Where and how to enjoy fall foliage’s peak

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Ed Perkins

Explore fall foliage’s peak by car or train across the mid-Atlantic and New England.

It’s time to plan and reserve fall foliage trip accommodations and tours. And not just to New England — you can find good fall foliage viewing throughout much of the U.S. and Canada. Peak viewing dates move gradually from North to South between mid-September and mid-November. And you can view foliage displays in your car, on a bus tour, or on a train.

Where to go. Start by checking TripSavvy’s annual “Top spots in the USA for fall foliage” page, which rounds up the usual suspects, from New England to Yosemite to Alaska, with links to local sources throughout the country. See the page at www.tripsavvy.com/top-spots-for-fall-foliage-united-states-3301223.

Also check the National Park Service at www.nps.gov, which touts foliage opportunities at dozens of parks. Log on for details, including best times to visit each park.

When to go. Several sources post fall foliage calendars or maps to help you decide when to hit each area. Start with the Foliage Network (www.foliagenetwork.com), with separate regional reports for the Northeast, Midwest and Southeast.

Also good: Stormfax, (www.stormfax.com/ foliagemap.htm), with both a national map and links to state and regional fall foliage websites and hotlines. The online weather channels also typically post fall foliage calendars.

How to see it. Most people think of fall foliage as a road trip. Fall foliage websites typically include driving directions, many with links to local visitor activities. Lock in your accommodations as early as you can, and be sure to avoid football weekends at any prominent university towns.

For several years, Amtrak has added its only full-length dome car to one trainset used for the daily New York-Montreal Adirondack day train, which passes through good leaf scenery, but, as usual, Amtrak announces its plans quite late. Last year, the dome car was on the route from Sept. 29 to Nov. 1.

Other Amtrak options passing through good foliage areas during daylight hours include the daily daytime Vermonter between St Alban’s, Vermont and New York; and the daily Ethan Allen Express, between Rutland and New York. In both cases, southbound trips offer the best viewing.

Other possible foliage opportunities include the Pennsylvanian between Philadelphia and Pittsburgh, and the California Zephyr daytime segment from Denver to Green River.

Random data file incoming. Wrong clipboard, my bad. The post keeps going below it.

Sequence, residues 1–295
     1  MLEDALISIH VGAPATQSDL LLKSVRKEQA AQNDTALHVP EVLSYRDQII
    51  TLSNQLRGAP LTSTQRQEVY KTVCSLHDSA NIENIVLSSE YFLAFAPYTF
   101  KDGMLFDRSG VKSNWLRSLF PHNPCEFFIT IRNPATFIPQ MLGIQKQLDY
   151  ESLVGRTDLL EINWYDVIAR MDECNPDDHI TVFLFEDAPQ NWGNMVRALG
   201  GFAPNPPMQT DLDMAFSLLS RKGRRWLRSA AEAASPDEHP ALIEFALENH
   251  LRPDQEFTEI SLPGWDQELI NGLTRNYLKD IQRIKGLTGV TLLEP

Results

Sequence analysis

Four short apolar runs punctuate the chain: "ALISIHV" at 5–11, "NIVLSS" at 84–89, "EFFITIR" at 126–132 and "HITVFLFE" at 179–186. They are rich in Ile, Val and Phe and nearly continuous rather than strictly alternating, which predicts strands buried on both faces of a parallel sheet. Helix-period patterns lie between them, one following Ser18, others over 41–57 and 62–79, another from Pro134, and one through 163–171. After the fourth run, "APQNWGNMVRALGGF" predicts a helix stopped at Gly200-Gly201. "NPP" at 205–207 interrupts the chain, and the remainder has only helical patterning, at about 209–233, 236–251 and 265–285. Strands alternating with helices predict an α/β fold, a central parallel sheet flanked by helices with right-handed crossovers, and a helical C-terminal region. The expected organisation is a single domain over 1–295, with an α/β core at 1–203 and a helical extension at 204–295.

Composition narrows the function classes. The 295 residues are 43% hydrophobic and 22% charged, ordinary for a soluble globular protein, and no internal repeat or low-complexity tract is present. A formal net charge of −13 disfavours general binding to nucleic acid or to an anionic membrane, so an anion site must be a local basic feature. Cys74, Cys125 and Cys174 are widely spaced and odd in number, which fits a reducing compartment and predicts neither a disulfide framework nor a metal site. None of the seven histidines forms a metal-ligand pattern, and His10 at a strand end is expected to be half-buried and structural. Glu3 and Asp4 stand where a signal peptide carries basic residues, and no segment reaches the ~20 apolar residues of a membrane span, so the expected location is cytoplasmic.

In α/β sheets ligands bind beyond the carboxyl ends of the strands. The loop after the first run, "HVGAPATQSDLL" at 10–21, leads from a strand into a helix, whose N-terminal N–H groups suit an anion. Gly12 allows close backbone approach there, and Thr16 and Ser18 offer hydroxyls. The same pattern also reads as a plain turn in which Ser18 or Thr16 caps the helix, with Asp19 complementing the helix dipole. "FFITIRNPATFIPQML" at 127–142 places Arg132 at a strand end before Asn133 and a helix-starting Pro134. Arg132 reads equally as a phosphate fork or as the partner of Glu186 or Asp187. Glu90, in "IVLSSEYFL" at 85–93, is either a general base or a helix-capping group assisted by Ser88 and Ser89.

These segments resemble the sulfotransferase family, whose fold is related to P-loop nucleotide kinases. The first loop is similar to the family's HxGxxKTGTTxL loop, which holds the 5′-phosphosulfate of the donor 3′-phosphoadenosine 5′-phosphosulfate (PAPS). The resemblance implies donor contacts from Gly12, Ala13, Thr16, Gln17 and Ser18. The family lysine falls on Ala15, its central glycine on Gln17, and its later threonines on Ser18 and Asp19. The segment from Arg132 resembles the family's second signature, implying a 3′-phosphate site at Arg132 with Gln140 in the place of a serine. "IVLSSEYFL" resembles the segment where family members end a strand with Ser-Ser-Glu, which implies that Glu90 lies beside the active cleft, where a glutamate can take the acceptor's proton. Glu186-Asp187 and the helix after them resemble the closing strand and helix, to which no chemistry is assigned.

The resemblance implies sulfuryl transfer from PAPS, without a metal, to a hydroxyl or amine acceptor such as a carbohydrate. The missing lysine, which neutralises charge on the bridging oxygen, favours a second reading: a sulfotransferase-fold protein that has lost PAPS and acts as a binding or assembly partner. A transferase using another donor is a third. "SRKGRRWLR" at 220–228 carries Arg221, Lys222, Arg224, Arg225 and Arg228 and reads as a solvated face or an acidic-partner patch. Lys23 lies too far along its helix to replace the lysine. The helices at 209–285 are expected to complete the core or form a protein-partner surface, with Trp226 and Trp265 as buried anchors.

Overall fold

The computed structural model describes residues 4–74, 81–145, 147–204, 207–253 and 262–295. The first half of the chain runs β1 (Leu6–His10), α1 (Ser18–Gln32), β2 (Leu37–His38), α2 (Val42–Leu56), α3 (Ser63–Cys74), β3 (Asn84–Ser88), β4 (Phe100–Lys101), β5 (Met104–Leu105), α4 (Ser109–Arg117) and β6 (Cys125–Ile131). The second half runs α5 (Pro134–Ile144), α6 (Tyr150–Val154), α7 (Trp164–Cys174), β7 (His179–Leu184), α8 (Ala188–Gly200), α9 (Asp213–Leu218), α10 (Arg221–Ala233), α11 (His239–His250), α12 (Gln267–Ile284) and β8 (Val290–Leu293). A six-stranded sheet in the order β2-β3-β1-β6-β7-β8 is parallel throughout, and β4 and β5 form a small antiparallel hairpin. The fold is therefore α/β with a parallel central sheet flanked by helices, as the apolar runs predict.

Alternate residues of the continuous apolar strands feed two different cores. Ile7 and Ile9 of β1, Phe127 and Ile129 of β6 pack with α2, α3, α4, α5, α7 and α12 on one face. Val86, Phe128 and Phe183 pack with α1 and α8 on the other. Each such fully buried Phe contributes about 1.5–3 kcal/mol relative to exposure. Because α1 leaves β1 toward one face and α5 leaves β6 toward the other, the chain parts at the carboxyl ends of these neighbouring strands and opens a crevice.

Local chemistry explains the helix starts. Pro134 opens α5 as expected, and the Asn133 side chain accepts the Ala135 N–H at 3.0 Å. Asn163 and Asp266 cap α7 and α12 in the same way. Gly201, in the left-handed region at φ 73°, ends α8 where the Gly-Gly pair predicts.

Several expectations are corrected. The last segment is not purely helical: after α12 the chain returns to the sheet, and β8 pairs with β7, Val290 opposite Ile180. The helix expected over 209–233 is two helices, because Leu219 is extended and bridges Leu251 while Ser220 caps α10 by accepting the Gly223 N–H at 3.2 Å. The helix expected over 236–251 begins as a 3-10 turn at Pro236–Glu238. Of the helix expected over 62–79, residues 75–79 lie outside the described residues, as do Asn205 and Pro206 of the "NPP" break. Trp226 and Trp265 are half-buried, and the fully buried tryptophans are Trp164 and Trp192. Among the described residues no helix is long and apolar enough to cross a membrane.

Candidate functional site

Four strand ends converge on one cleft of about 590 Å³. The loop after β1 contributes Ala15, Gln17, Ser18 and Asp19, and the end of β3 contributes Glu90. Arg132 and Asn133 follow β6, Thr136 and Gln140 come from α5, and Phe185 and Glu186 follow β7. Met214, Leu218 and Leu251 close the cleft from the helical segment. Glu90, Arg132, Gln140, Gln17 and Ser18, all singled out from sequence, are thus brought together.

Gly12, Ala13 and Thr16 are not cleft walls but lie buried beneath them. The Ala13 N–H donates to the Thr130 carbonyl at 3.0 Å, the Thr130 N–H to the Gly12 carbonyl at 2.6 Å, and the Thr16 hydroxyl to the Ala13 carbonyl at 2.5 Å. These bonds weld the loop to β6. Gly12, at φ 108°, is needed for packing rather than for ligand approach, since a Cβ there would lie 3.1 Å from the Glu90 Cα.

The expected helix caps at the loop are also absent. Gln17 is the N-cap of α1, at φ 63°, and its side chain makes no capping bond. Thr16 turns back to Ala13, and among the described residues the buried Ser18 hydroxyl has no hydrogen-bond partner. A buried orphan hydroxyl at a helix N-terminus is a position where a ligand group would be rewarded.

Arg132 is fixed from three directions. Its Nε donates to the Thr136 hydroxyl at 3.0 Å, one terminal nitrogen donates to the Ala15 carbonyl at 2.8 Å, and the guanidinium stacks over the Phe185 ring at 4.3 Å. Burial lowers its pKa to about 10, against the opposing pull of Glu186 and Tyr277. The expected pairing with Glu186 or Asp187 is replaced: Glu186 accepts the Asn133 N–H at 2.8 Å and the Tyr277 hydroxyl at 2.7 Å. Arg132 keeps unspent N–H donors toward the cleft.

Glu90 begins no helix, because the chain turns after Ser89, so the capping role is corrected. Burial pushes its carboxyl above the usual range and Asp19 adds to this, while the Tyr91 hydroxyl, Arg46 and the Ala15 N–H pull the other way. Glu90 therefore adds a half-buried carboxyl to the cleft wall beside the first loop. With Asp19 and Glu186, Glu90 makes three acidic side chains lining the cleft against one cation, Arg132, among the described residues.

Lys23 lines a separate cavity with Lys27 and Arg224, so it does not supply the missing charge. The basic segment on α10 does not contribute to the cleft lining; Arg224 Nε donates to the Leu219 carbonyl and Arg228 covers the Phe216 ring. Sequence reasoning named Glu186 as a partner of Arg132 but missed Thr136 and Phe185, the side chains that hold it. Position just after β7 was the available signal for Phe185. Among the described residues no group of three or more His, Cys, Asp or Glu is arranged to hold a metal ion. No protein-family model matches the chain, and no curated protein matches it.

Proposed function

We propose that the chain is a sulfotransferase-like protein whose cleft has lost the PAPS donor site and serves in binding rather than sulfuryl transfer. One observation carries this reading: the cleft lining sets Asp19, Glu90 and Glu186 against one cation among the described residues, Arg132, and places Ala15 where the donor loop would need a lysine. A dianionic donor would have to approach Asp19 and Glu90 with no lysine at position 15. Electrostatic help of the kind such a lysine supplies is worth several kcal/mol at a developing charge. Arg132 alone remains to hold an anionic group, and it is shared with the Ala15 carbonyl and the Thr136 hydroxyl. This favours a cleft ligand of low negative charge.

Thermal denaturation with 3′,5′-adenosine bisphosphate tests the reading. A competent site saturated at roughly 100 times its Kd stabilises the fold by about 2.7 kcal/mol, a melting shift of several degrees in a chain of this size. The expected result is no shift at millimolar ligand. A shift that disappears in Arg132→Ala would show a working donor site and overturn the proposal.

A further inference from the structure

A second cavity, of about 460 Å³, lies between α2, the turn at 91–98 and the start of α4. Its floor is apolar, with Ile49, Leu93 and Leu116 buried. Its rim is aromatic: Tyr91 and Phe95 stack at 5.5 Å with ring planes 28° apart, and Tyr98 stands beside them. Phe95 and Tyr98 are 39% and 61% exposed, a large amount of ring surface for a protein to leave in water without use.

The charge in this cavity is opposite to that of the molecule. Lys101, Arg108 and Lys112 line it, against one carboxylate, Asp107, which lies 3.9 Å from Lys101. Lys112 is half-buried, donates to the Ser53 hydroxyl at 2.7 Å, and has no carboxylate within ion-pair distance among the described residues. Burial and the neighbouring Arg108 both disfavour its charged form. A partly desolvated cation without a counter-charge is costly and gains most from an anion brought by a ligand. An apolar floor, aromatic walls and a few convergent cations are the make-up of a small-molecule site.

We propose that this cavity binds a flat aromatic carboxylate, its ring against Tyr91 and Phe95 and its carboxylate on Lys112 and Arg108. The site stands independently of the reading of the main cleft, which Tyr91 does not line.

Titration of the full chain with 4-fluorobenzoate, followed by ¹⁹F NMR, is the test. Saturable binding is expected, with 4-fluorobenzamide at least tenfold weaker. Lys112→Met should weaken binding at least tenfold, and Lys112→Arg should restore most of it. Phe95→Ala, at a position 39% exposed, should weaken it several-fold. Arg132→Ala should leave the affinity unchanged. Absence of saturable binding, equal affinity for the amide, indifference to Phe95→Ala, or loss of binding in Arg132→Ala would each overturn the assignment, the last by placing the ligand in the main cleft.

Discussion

In 2015, SmarterTravel.com listed “Best Fall Foliage Train Rides in North America.” Among them: The Mount Washington Cog Railway, New Hampshire (www.thecog.com); the Durango & Silverton, Colorado (vdurangotrain.com); the Essex Steam Train, Connecticut (www.essexsteamtrain.com); Adirondack Scenic Railroad, New York (www.adirondackrr.com/); Blue Ridge Scenic Railway, Georgia (www.brscenic.com); Cuyahoga Valley Scenic Railroad, Ohio (www.cvsr.com); and the Great Smoky Mountains Railroad (www.gsmr.com).

But dozens of other tourist railways around the country also feature fall foliage packages. In most cases, these are short one-day, out-and-back excursions. The Collis P. Huntington Railroad Historical Society is running a series of all-day “New River” foliage excursions (www.newrivertrain.com/nrt.shtml) using vintage mainline railcars in West Virginia on two October weekends. While dome cars are sold out, coach seats are still available on the Oct. 29 excursion as of press time.

Vacations by Rail (www.vacationsbyrail.com) run several foliage excursions with at least some travel by rail, and Rail Travel Tours (www.railtraveltours.com) runs several tours with rail travel on VIA Rail Canada. Uncommon Journeys (www.uncommonjourneys.com/) features several rail and cruise combos. The agency FallFoliageCruise (www.fallfoliagecruise.com), a division of Vacations to Go, lists a diverse set of foliage cruises in New England and Canada.

Dozens of local and national operators run bus tours, many including accommodations. Just Google “fall foliage tours” or see a travel agent.

Where to stay. You know how to locate whatever accommodations you prefer: hotel, motel, resort, B&B, campground. The prime locations fill quickly, so book sooner rather than later. Often, an inclusive tour package is the best way to make sure you’ll get accommodations where you want them.

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